June 7, 2001 Challenging one of medicine's long-standing beliefs, a team of scientists funded by the National Heart, Lung, and Blood Institute (NHLBI) and the National Institute on Aging (NIA) has found the strongest evidence to date that human heart muscle cells regenerate after a heart attack. In a paper published in the June 7 issue of the New England Journal of Medicine, scientists from New York Medical College in Valhalla, NY report their success in finding large scale replication of heart muscle cells in two regions of the heart, and in identifying several other key indicators of cell regeneration.
"It has long been assumed that when the heart is damaged — such as after a heart attack — heart muscle cells do not regenerate and the damage is permanent. This assumption has been challenged in recent years by evidence that heart muscle cells may in fact regenerate. Now, this latest research provides the most dramatic and clear-cut demonstration to date of heart cell regeneration after cardiac injury," says Claude Lenfant, M.D., director of the NHLBI, a component of the National Institutes of Health (NIH).
"With this landmark study, we have a new understanding of the heart that opens up the possibility of repairing heart muscle damage after a heart attack," he adds.
"This finding, if confirmed, may begin to clarify how hearts respond to the normal insults of aging through previously undetected repair mechanisms," says David Finkelstein, Ph.D., director of basic cardiovascular research at the NIA.
Piero Anversa, M.D., professor of medicine and director of the Cardiovascular Research Institute, and colleagues, studied myocytes (heart muscle cells) from the hearts of 13 patients, 4 to 12 days after their heart attacks, and from the hearts of 10 patients who did not have cardiovascular disease. Samples were obtained from the border zone near the site of the heart attack and from a more distant site from the damaged tissue.
By viewing these areas of the heart with a high resolution confocal microscope, Anversa and colleagues were able to measure the expression of Ki67, a protein found in the nucleus of dividing heart muscle cells. Ki67 is expressed during all phases of a cell's life cycle and is a strong indicator of cell division.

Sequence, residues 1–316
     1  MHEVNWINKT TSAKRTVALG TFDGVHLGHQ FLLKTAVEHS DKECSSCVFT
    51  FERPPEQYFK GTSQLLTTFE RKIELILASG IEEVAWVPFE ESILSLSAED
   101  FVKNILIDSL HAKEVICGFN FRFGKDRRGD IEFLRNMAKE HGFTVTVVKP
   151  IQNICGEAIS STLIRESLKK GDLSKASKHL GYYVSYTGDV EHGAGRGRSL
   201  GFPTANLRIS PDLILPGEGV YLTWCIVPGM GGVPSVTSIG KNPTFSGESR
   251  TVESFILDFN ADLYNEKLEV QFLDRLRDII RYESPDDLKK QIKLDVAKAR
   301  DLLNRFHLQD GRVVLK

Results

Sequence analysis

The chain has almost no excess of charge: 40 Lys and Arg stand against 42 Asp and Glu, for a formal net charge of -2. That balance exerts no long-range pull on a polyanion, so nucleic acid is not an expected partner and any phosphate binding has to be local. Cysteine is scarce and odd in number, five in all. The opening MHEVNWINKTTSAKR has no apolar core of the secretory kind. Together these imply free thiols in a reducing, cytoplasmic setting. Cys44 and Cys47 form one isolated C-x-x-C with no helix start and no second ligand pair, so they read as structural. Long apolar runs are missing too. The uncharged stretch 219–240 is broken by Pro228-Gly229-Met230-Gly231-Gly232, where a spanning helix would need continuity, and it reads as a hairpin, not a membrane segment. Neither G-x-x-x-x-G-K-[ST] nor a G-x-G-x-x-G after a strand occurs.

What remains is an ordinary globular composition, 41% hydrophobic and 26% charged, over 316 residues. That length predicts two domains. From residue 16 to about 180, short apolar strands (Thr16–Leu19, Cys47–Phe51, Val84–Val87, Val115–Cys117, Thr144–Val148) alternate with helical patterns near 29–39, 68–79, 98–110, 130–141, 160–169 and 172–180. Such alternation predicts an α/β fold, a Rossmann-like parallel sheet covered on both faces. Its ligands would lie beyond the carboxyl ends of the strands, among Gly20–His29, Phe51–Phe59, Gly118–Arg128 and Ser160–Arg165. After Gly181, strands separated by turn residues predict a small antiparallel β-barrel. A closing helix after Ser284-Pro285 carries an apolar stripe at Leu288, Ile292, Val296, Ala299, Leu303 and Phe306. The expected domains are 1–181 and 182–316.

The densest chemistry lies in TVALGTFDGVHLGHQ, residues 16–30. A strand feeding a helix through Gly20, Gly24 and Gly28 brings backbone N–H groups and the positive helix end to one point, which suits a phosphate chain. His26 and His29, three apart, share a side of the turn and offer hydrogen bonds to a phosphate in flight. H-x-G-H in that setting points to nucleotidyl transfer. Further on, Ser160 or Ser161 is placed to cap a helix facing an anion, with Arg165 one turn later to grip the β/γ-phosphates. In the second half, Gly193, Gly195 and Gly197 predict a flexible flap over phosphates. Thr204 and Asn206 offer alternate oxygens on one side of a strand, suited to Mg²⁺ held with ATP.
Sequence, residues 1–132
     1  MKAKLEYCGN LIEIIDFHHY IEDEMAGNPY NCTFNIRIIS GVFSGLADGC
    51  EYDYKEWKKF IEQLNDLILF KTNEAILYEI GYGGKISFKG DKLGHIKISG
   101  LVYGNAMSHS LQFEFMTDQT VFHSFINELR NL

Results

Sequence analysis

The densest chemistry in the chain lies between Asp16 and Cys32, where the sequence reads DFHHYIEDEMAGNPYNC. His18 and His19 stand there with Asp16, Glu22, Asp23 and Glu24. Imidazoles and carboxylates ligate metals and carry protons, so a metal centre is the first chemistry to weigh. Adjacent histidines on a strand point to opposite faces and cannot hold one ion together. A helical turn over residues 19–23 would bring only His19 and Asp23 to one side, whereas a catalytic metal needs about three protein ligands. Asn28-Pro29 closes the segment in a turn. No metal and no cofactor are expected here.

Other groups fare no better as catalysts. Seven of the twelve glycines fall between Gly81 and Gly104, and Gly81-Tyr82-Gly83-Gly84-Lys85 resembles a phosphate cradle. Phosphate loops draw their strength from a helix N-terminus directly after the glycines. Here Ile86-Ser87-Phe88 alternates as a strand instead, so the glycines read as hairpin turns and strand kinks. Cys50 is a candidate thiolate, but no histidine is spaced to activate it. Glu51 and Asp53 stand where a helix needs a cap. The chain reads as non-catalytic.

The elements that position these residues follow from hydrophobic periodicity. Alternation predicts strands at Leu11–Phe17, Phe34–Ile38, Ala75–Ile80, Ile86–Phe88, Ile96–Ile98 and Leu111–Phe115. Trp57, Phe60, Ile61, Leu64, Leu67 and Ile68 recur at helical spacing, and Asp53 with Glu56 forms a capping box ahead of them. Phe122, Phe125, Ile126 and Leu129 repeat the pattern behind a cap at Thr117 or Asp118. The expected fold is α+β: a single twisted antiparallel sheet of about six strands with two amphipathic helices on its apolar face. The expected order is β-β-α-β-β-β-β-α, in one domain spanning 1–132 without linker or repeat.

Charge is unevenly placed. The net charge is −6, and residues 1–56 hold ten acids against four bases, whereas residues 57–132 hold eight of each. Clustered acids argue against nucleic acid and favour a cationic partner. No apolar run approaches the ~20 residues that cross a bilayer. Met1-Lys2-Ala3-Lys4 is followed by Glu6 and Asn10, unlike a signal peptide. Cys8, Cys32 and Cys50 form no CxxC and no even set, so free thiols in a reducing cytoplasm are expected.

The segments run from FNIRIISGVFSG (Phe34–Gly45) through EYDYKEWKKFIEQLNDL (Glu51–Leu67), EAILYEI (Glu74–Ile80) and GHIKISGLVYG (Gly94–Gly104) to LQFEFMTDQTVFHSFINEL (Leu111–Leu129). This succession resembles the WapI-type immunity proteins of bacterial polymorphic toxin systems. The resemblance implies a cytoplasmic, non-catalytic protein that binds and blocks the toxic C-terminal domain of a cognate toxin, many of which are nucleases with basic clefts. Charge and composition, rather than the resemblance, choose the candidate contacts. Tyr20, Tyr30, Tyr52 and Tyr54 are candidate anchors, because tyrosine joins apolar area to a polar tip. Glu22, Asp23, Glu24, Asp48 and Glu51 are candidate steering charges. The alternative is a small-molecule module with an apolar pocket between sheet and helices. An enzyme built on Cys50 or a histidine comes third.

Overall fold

The scientists also obtained images of mitotic division and found other evidence of myoctye replication, including the formation of the "mitotic spindle," and "contractile ring," critical structural indicators of cell division.
Important evidence of myocardial repair was demonstrated by the mitotic index, a measurement of the degree of myocyte division. In comparison with normal hearts, the number of myoctyes multiplying in diseased hearts was 70 times higher in the border zone and 24 times higher in the remote myocardium.
The next challenge, according to Anversa, is to find the source of the dividing myoctyes. "Are these cells a sub-population of known cells that retain the capacity to divide, or are they multiplying cells that originate from stem cells present in the heart?" he asks.
"There are preliminary indications that primitive cells like stem cells exist in the human heart. Stem cells may have the ability to develop into the various cardiac cell types and form new healthy functioning myocardium. If we can prove the existence of cardiac stem cells and make these cells migrate to the region of tissue damage, we could conceivably improve the repair of damaged heart muscle and reduce heart failure," says Anversa.
Research on animal models supports this possibility. In the April 4 issue of Nature, the Anversa team and a colleague at the NIH reported that adult stem cells isolated from mouse bone and injected into a damaged mouse heart became functioning heart muscle by developing into myocytes and coronary vessels. Moreover, the newly formed tissue partially restored the heart's ability to pump blood.
Although a cardiac stem cell has not yet been identified, scientists have identified a neural stem cell in the brain.
"Why not the heart?" asks Anversa.
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